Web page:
Those opposed to fluoridation for a variety of reasons have had a tendency to use any argument possible to capture the public interest to oppose fluoridation. The arguments range from “being a communist plot” to “causes rusty pipes” in the 1950s and 1960s to cancer, AIDS, and Alzheimer’s disease in the 1970s, 1980s, and 1990s, respectively. A misuse of facts and quoting from studies lacking scientific rigor are often used to support these allegations.23–25 The safety of fluoridation has been time-consuming and costly to document because of the range of allegations made by the opponents, or “antifluoridationists,” over the years. As a result, fluoridation is one of the most well researched public health measures. Concomitantly, the safety of this preventive measure has been relatively easy to document because millions of Americans have for generations lived in communities with naturally fluoridated water. In addition, many communities in the United States and other countries have a fluoride level that is naturally much higher than the recommended level, so that it is much easier to do studies to disprove these false allegations. The safety and effectiveness of water fluoridation as a public health measure is well established for the scientific and health communities; thus most national organizations representing these disciplines, such as the American Medical Association, the American Public Health Association, the American Association of Public Health Dentistry, and the American Dental Association, have endorsed or supported fluoridation (Box 10-2).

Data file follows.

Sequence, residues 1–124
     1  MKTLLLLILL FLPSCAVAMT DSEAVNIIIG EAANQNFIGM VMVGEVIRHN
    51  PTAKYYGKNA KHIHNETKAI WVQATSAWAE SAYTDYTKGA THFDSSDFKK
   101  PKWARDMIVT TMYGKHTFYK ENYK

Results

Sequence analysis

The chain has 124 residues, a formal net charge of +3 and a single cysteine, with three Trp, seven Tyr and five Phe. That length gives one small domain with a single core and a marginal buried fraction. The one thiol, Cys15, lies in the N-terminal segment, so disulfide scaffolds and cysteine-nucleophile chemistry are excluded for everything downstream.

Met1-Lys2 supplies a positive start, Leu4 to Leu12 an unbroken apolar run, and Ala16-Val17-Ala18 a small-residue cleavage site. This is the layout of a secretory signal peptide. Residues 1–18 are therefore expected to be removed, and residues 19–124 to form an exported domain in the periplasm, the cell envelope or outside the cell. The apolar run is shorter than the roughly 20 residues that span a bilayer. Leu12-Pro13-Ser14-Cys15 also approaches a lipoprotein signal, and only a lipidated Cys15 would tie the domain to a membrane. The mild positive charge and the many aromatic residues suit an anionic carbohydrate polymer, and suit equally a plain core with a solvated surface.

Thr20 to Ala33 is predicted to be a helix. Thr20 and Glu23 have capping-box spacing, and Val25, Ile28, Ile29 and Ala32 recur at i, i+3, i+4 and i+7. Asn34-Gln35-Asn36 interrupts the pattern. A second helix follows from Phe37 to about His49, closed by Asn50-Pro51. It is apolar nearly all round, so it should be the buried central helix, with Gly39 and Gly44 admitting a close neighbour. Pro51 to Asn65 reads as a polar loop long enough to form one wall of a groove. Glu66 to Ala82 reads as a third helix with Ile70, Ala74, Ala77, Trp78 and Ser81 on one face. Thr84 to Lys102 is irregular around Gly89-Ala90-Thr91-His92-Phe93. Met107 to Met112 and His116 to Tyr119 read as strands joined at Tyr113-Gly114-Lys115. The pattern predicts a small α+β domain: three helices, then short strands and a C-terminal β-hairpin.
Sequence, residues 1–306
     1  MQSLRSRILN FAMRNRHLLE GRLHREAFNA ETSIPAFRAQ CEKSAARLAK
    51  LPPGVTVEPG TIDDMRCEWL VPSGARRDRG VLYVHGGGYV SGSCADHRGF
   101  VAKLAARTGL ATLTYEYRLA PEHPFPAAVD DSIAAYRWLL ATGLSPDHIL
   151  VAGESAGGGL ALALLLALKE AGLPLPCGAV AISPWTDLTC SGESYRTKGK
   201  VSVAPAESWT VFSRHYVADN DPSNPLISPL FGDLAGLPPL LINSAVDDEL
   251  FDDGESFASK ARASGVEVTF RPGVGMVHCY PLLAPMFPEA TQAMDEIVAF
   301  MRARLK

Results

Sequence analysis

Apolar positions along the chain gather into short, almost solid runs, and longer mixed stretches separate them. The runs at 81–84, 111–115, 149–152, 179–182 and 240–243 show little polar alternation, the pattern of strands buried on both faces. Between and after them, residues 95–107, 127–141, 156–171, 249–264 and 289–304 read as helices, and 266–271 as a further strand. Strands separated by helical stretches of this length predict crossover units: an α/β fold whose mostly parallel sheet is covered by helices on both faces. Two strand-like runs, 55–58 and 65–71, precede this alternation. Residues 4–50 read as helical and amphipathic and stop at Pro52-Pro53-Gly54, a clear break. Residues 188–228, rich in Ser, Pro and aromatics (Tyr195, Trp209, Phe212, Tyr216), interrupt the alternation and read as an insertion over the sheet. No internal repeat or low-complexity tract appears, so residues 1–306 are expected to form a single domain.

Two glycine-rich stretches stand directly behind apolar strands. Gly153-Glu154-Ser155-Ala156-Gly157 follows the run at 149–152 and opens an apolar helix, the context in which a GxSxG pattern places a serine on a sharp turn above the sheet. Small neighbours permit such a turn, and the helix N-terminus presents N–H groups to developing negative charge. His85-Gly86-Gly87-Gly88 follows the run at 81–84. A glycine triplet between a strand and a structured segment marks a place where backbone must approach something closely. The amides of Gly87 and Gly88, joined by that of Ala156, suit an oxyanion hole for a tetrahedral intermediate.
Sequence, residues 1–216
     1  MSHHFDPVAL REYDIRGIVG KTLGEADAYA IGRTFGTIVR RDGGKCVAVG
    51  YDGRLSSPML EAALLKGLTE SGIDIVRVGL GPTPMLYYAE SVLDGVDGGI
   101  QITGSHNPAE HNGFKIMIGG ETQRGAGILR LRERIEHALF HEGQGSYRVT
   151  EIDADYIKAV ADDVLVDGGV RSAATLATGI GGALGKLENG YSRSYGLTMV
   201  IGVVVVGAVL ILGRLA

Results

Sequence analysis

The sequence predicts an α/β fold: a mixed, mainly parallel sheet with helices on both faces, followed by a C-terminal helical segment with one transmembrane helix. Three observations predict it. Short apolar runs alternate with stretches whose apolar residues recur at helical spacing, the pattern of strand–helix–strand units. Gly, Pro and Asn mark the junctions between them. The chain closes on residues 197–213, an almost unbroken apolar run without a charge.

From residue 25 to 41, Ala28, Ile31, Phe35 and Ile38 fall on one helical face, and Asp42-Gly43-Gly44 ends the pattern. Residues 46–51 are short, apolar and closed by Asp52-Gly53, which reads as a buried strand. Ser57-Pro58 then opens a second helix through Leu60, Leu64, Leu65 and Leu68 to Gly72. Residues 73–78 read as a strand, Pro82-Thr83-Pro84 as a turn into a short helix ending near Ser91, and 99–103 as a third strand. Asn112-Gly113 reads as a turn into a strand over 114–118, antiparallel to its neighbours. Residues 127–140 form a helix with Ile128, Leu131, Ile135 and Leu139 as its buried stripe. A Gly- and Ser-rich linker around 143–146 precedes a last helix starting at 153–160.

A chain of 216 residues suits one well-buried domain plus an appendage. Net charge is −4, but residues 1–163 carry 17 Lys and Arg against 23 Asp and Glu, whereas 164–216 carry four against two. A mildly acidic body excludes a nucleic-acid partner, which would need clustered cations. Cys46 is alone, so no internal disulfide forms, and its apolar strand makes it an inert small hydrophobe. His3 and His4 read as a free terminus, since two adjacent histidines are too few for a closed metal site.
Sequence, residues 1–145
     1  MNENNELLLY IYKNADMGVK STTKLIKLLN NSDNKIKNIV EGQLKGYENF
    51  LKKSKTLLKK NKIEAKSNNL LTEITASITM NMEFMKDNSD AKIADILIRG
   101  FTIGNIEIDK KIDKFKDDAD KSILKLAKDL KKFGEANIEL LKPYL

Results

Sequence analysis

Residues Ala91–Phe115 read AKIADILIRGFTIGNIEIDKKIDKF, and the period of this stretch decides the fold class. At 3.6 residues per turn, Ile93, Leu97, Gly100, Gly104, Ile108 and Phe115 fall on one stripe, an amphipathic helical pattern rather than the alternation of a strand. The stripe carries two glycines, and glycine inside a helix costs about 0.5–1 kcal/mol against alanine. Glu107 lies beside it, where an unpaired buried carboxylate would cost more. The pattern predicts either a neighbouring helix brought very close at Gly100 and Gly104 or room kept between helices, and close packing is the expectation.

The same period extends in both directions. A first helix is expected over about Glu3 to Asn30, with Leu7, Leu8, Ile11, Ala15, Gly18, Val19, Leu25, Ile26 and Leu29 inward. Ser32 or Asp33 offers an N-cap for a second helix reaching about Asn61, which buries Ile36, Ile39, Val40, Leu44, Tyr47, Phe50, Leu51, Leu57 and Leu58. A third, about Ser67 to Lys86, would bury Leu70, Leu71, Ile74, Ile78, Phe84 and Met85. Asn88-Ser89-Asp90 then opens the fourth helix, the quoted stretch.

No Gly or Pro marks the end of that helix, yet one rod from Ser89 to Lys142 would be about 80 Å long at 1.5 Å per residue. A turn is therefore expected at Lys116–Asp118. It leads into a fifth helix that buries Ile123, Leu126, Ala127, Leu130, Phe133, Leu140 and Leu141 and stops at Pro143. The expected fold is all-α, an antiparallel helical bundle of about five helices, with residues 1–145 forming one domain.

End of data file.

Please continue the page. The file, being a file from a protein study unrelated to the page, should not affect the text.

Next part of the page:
The effectiveness of fluoridation in preventing dental caries has been well documented.26 Early controlled studies of adjusted fluoridation demonstrated that 50% to 70% of caries in the permanent teeth of children was prevented.27–30 Since 1980, because of the widespread use of fluorides in the United States, the measurable effectiveness of water fluoridation is now approximately 20% to 40%.26 This phenomenon is due, in part, to the fact that many other fluoride-containing products are now available, such as dietary fluoride supplements, rinses, toothpaste, professionally applied treatments, and dilution and diffusion effects, which are described here.
A comprehensive review of fluoridation states that fluoridation prevents caries in primary teeth by 30% to 60% for children 3 to 5 years of age, 20% to 40% for children with a mixed dentition (ages 6 to 12 years), and approximately 15% to 35% for adolescents and adults.18,31 Fluoridation also helps prevent root caries in senior adults by 17% to 35%.31 In countries or communities where there is no widespread use of fluorides, the effectiveness would be expected to be similar to that in early studies conducted in the United States. A recently reported study documented this phenomenon.32
Water fluoridation is as effective now as it was in the past. Because of the widespread use of fluorides in the United States in both fluoridated and nonfluoridated communities, however, the measurable benefits of fluoridation are lower in the United States. This phenomenon is called the dilution effect. Communities without fluoridation also benefit from foods and drinks processed in communities with fluoridation and sold or used in communities without fluoridation. This factor is called the diffusion effect and it also affects the measurable benefits of water fluoridation.26 A recent study showed that in nonfluoridated communities that had a high diffusion effect from fluoridated communities, there is less dental caries.33 Diffusion effects also can occur when individuals who live in communities without fluoridation work or go to school in a community that has optimal fluoridation. In contrast, the effects of the increased use of bottled water and filters for tap water are not known.